Week in Review: Barbaro's Best Sibling Yet?

Madam Milan | MJC photo


Ever since the tragic demise of the great Barbaro (Dynaformer) in 2006, his many, many fans have been hoping to see a second coming of the GI Kentucky Derby winner emerge from his bloodlines. That's a pretty tall order since horses like Barbaro come around only once in a great while, yet the Friends of Barbaro have every right to be disappointed.

Barbaro's dam, La Ville Rouge, has been bred 12 times since she foaled Barbaro and has very little to show for it. Trying the formula that worked so well the first time around, Barbaro's owners, Roy and Gretchen Jackson, bred La Ville Rouge back to Barbaro's sire's Dynaformer seven times and did not get a graded stakes winner from among the bunch or a horse that earned more than $373,000.

That's disappointing, but there might just be a new chapter about to be written when it comes to Barbaro and his family. When Dynaformer was pensioned, the Jacksons turned to Bernardini and bred him to La Ville Rouge. There's a bit of irony in that because Bernardini was the horse who won the GI Preakness S. on the day Barbaro broke down. The first foal, Mo'ne Davis, named after the young female pitcher who almost singlehandedly won the Little League World Series for her team from Philadelphia, has done little on the track. It is the second Bernardini–La Ville Rouge that should have people excited.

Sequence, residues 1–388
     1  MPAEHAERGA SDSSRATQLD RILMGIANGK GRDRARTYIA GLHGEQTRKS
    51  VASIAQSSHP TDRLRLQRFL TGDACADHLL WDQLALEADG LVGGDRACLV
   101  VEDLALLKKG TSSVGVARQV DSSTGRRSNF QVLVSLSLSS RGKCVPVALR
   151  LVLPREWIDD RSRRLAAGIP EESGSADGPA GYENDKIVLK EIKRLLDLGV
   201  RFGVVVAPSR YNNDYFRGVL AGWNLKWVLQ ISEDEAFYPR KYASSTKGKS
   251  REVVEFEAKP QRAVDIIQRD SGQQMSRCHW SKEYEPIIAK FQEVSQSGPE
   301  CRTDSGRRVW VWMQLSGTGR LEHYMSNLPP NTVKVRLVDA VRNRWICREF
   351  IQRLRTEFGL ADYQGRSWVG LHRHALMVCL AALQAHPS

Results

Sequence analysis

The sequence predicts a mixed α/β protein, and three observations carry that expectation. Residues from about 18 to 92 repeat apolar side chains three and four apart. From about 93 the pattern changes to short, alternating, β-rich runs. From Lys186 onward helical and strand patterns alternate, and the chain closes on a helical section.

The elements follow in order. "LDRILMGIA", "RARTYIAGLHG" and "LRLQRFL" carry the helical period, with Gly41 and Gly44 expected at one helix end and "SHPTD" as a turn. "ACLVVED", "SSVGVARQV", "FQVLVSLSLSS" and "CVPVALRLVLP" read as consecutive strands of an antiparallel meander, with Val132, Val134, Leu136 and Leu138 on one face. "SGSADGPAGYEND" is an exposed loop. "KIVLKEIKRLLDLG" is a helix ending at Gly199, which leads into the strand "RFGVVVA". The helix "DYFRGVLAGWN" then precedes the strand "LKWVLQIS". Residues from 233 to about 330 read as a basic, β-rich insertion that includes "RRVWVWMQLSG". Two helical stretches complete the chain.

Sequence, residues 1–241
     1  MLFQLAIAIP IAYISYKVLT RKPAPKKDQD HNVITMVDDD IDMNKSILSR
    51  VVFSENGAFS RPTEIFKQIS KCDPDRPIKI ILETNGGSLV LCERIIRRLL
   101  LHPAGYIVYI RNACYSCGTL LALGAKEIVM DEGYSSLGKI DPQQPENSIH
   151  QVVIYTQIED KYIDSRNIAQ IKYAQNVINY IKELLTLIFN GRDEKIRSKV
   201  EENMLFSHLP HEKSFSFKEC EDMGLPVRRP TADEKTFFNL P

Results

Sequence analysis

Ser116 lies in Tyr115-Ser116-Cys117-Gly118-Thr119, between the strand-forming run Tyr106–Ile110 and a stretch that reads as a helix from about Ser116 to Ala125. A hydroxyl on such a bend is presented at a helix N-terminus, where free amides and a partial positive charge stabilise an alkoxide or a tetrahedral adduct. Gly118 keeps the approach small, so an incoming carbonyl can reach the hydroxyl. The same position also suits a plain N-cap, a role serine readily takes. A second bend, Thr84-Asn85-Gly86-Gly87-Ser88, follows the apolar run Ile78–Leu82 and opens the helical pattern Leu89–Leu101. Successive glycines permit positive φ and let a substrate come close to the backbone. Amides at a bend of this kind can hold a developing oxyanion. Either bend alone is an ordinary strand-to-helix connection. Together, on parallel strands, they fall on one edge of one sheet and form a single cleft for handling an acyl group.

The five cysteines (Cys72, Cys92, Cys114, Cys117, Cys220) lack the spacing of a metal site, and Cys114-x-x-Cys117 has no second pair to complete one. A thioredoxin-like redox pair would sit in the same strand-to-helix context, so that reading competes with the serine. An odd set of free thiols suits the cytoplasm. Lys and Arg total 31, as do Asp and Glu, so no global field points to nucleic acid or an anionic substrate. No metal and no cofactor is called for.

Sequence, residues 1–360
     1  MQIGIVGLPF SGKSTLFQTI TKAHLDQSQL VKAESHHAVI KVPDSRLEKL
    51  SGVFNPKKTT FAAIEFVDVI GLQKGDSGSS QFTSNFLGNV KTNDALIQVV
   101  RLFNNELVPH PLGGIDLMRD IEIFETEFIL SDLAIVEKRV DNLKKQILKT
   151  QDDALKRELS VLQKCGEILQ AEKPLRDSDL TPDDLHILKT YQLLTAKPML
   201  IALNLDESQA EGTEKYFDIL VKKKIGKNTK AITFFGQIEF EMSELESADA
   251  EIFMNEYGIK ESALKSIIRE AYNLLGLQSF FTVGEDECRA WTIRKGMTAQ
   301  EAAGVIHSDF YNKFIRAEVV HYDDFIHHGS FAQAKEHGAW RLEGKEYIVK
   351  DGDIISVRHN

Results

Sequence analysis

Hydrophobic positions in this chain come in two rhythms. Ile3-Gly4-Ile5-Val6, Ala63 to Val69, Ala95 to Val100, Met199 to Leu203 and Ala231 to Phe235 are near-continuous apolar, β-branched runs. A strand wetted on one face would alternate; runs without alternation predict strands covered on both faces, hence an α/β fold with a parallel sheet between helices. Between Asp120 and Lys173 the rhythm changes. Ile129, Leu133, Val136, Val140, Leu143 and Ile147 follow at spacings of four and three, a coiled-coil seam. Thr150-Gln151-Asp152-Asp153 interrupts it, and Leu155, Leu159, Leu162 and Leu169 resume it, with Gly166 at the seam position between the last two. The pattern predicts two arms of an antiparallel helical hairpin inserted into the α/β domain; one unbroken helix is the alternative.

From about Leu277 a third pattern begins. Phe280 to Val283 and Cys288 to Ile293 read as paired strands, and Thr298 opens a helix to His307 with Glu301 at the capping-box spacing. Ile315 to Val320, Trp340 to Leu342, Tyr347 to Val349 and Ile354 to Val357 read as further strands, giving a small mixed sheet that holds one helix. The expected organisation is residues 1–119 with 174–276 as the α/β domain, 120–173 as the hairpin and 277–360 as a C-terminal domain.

Her name is Madam Milan and she could not have looked better winning a maiden special weight race on the grass Friday at Laurel (video). Granted it was her second start and it was a mere maiden race, but she absolutely looked like a filly with a ton of potential. With Daniel Centeno aboard for trainer Arnaud Delacour, she sat behind a slow pace, found a path along the rail and then exploded past Dancingwithpaynter (Paynter) to win going away.

Since she is a filly and looks like a horse that prefers the grass, you can forget about her winning he 2018 Kentucky Derby. But the smart money is betting that she will turn out to be the best of Barbaro's siblings that have raced so far and, quite likely, the first to become a graded stakes winner. Keep an eye on this one.

Speaking of Prospects

With all due respect to the team that selects the TDN Rising Stars, they blew it when they overlooked Diamond Tap (Tapit), who broke her maiden Thursday at Keeneland (video). Understandably, that she is a 3-year-old rather than a 2-year-old may make her more a late bloomer than a rising star, but on this occasion it might have been worth digging a little deeper. She is trained by William (Buff) Bradley who wins with first time starters abut as often as there is solar eclipse, so the filly figures to get dramatically better over time. It's also worth noting that the word was out on Diamond Tap, who went off at 2-1, unheard of for a Bradley first time starter.

Researching this is not something that can be accomplished between the time these words are being written and the deadline for this story but the only Bradley first time starter to win over the last many years is probably Divisidero (Kitten's Joy), a two-time Grade I winner. Bradley's best horse to date has been Groupie Doll (Bowman's Band), a two-time Eclipse Award winning female sprinter, and she finished eighth in her debut. As far as Rising Star statues goes, the Bradley camp should demand a recount.

Longshot Lukas